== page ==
Yesterday, the former vice-president of the European Central Bank, Lucas Papademos was named as Greece's new prime minister. He is to lead a national unity government whose task is to implement sever austerity measures and then take the country to elections in February. We are publishing here an analysis by Greek Marxists as to what this means for Greek and European workers.

October 28 is a National holiday in Greece marking ΟΧΙ (No) Day – the refusal of Greece in 1940 to accept the Italian ultimatum advanced by Mussolini, to allow the Italian fascist troops to enter the country. Not only did Greek forces stop the Italian invasion, but actually forced Mussolini's troops back into Albania. Every year it is celebrated as a day of “national pride”. Not so this year! The masses took over the celebrations and used them to express their anger at the Greek ruling class. Here we publish a report from Athens written on the day of the “celebrations”.

On Thursday in Athens during the mass workers' protests we saw the state collaborating with hooligans and provocateurs against the labour movement. What is now required is a political general strike! Here we publish a statement by the Greek Marxists of Marxistiki Foni.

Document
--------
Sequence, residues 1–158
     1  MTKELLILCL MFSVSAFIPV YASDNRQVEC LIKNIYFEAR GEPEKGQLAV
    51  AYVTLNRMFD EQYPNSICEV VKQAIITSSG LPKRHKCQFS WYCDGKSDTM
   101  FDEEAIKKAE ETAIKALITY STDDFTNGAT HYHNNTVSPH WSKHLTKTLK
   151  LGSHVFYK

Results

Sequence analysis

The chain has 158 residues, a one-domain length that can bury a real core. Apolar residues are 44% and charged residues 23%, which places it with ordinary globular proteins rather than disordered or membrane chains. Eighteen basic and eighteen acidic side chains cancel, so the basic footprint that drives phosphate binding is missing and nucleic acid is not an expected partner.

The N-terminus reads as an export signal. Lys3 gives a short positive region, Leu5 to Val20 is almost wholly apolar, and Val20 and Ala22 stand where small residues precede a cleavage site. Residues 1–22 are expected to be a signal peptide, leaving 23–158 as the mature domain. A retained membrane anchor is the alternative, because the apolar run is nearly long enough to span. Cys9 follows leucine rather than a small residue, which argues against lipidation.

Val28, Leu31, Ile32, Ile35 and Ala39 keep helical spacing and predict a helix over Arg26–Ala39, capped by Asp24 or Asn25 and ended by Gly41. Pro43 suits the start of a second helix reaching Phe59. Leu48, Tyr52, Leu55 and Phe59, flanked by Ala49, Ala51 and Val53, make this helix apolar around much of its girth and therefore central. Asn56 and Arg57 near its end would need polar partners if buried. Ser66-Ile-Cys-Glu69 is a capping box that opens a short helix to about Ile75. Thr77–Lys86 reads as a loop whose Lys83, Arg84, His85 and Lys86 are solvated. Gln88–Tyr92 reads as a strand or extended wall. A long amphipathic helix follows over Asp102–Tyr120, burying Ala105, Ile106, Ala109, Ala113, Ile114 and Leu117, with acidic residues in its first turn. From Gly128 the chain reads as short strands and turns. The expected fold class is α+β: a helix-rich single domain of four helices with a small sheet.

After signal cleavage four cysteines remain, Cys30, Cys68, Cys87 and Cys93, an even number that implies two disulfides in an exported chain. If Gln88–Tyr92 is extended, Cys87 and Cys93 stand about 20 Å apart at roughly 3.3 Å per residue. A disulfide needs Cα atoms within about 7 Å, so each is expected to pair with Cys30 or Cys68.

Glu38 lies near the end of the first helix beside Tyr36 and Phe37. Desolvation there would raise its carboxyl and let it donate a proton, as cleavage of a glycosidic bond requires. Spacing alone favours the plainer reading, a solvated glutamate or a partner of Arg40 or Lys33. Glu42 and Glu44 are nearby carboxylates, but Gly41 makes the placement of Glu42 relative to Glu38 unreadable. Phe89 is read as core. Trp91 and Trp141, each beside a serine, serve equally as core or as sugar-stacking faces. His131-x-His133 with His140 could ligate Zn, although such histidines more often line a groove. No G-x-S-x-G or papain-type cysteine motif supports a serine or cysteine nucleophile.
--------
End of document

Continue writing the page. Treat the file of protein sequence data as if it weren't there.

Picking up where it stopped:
Today (October 19), the first day of the 48-hour general strike in Greece was sensational. Apart from the government and public utilities workers that participated in the strike massively, hundreds of thousands of workers from the private sector came out on strike for the first time, and also joining the millions of striking workers were tens of thousands of small businesspeople and shopkeepers who closed the shutters to their shops in solidarity.

The situation in Greece is becoming more and more revolutionary as each day passes. The country has been paralysed by a wave of strikes centred on the public sector and state owned enterprises, which is the workers’ response as they attempt to ward off the terrible attacks of the government. This wave of strikes was anticipated by the mass occupation movement in the universities and schools in September, which proved once again that the youth is a sensitive barometer of the class struggle.